Floyd-Steinburg really?


#1

Sorry if I am too meticulous about that.

But why is everybody writing “Floyd-Steinburg-dithering”, if I am remembering correctly the algorithm was developed by Robert W. Floyd and and Louis Steinberg.

So if I am wrong, please correct me, else give him the credits he deserves :clap:


#2

Because Glowforge either spelled it wrong, or came up with their own Floyd-Steinberg-esque dithering algorithm and thought it would be clever to name it Floyd Steinburg. So, technically, until told otherwise, the proper way to refer to the Glowforge settings is, as unfortunate as it may be, “Floyd Steinburg.”

I very strongly debated moving this to Problems and Support. But I decided they have bigger fish to fry at the moment. I hope somebody else disagrees with me and moves it there. :wink:


#3

One typo deserves another? :stuck_out_tongue_closed_eyes:


#4

This typo has been bugging me since the moment I saw the first screenshot posted.


#5

Maybe the original name was trademarked. Or maybe we’re all incorrect about the original and it’s another Berenstein Bears thing. Or Finland.


#6

I feel like if it is close enough to the original to be named for the original, then the name ought to be spelled correctly.

This is one of those bugs where the discussion about whether or not to fix it inevitably eclipses the actual implementation time. I work in software so I always roll my eyes when someone says, “That should be EASY!” because it is often not as simple as it looks.

But in this case… well… fixing strings should be easy.


#7

oh no! it’s almost like it’s a trivially easy mistake to make and will probably be corrected, the horror


#8

Feel free to correct me. Since english is not my first language, there is always a high possibility of errors. I am always happy to learn, but this isn’t helpful. Where is the typo so I can correct it?


#9

Please elaborate on the Berenstein Bears/Finland

Edit: Found it (https://en.wikipedia.org/wiki/Berenstain_Bears#Name_confusion). Got hooked on learning about Berenstain Bears thanks to your comment!


#10

Don’t sweat it - the typo was “to meticulous” should be “too”. It’s tricky because “too” usually means “also” but in this case means “overly”.


#11

Thank you @jamesdhatch. I fixed it in the original post. You are right, this is tricky. I looked at it for quite a while, but didn’t get it. The spellchecker also didn’t help. Is there some memory hook for this?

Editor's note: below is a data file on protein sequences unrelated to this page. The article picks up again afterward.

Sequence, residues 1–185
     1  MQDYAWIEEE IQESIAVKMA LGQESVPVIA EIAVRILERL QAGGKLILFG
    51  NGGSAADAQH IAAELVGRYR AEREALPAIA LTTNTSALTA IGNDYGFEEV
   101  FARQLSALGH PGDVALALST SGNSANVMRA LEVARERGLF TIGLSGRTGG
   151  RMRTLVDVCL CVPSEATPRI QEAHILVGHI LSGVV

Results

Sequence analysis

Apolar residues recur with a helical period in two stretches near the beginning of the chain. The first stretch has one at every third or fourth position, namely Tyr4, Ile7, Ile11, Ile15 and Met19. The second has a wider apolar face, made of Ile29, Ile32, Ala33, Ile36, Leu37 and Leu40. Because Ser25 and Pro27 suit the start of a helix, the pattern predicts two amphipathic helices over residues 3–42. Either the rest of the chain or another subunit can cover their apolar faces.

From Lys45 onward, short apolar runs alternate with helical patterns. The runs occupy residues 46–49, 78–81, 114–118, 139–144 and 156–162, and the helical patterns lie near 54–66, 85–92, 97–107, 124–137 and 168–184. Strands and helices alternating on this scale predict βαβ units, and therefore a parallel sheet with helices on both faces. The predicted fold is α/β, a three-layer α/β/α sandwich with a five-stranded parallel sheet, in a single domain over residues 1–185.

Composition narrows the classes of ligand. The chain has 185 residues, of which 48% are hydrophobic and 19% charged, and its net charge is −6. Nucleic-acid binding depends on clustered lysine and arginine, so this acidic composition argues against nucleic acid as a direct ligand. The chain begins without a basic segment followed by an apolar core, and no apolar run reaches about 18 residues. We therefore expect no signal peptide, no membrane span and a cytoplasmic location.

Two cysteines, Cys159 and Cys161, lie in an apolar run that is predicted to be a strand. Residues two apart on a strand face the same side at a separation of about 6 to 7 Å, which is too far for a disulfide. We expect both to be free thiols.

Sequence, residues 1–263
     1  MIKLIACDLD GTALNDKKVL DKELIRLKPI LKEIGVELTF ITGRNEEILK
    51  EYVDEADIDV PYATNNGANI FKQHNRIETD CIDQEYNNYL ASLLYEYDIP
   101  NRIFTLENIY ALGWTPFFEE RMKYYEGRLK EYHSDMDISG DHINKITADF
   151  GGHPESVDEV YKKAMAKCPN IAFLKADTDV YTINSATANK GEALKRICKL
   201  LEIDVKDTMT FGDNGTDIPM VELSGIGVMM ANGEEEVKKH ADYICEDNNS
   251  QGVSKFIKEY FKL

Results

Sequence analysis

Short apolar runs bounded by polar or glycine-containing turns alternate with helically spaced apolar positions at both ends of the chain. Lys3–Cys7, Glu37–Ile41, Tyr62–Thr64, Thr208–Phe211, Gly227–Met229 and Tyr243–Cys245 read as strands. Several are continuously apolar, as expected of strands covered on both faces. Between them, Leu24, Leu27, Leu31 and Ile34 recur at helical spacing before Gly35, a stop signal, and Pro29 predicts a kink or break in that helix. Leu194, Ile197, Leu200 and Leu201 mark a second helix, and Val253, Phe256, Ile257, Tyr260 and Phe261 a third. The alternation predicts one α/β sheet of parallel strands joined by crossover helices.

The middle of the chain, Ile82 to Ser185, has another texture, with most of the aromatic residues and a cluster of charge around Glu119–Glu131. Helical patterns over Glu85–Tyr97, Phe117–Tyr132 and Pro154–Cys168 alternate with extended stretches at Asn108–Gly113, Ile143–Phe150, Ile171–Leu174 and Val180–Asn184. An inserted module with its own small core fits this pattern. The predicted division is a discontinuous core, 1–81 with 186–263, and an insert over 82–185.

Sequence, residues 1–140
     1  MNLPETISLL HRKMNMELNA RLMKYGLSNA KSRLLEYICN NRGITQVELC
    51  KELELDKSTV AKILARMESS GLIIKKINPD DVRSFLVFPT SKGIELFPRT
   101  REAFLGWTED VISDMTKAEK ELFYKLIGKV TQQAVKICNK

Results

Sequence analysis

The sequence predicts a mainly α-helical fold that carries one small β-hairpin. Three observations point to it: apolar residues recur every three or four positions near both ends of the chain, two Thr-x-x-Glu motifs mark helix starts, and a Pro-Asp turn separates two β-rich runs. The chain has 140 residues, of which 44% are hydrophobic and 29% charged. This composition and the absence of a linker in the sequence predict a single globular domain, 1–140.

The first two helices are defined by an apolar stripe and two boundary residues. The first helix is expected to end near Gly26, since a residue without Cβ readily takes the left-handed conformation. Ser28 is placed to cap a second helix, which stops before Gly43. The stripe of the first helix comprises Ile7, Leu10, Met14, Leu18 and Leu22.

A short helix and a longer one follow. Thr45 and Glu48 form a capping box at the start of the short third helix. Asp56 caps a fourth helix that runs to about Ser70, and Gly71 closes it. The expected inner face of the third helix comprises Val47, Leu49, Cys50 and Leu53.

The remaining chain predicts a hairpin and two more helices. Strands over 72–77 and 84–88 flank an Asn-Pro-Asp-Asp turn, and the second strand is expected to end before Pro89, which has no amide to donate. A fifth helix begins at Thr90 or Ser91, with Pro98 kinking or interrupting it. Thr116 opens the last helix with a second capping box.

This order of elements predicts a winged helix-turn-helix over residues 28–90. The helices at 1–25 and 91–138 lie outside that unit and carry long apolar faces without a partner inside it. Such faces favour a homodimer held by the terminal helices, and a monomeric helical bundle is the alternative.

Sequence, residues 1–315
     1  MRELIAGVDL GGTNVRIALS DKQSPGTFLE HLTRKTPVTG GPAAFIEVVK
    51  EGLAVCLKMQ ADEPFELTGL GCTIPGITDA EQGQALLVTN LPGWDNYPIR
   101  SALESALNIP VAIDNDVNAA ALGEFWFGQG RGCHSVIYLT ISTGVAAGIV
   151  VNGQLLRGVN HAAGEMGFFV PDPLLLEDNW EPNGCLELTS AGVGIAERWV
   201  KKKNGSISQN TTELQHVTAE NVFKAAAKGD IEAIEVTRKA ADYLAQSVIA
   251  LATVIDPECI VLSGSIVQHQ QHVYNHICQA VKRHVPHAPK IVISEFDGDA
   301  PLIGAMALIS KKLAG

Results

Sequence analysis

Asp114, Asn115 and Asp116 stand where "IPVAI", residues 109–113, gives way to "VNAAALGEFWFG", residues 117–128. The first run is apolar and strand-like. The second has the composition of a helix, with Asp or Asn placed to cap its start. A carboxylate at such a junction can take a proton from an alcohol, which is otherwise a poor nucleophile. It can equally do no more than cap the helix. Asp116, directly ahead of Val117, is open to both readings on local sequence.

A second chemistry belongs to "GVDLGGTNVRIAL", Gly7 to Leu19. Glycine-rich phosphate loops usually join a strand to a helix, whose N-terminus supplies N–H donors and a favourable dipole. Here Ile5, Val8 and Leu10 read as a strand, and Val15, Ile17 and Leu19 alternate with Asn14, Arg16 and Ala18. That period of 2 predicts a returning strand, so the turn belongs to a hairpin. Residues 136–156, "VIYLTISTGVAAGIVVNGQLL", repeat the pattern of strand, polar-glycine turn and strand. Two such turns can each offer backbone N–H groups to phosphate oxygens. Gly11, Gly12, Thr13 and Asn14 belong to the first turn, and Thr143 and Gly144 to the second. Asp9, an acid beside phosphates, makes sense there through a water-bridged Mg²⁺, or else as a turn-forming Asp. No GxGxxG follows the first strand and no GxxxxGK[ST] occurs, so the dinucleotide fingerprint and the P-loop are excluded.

#12

Until I actually have my e-mail and delivery…I could give a rat’s ass about names used about dithering! Who gives a rat’s ass? Or…I could be wrong.


#13

None that I’m aware of. It’s just one of those English things that have to be memorized. You can use synonyms (like “overly”) but if you remember to do that, you’d likely remember the correct form of “to/too” to use.

There are enough of these oddities in the language that most people make a mistake or two in a regular basis (I used to edit product reviews so I’m fairly sensitive to errors but I’m also pretty tolerant, especially for people for whom American English isn’t their native language - we have enough things dividing people, we don’t need to add arcane grammar rules to the list).


#14

“Too” is usually used in the sense of “more” or “additional”, like “too much” or “I would like that too”. I use the mnemonic 'too much is spelled with too many Os."


#15

Yeah!

The Finland part is from a reddit post, but you can read about it here if you feel like wasting time on absurd things. But basically, Finland doesn’t exist. People who think they live in Finland are really just living on the coast of Sweden.

But it became a joke for a false memory. “What’s something you remember, but are wrong about?” and people say Finland. They remember there being a Finland.


#16

'too much is spelled with too many Os."

Thank you @Dan. This is really helpful.


#17

Sorry to be late in responding; the others have explained it well. Normally I would never make fun of someone’s knowledge of language. I know I’d butcher a second language if I tried. I thought it was an innocent typo, made giggle-worthy used in conjunction with the word meticulous. My bad.

BTW, a quick search of “Steinberg” would have revealed that the same issue was discussed four or five days ago on this forum.


#18

No problem here. I am really happy to learn. The mnemonic Dan mentioned is great. In October I will spent some time in Boston and maybe New York, this will also help to improve my english. It has been some years since my last visit.


#19

There are situations when “to” and “much” can be used together.

For example:

“Glowforge began shipping the Pro units, to much fanfare.”


#20

Speaking of mistakes with other languages, I recall trying to describe my special recipe for guacamole to some Spanish-speaking friends, and instead of listing “pico de gallo” as an ingredient, I accidentally said “cinco de mayo.” They burst out laughing and ribbed me about it for a long time!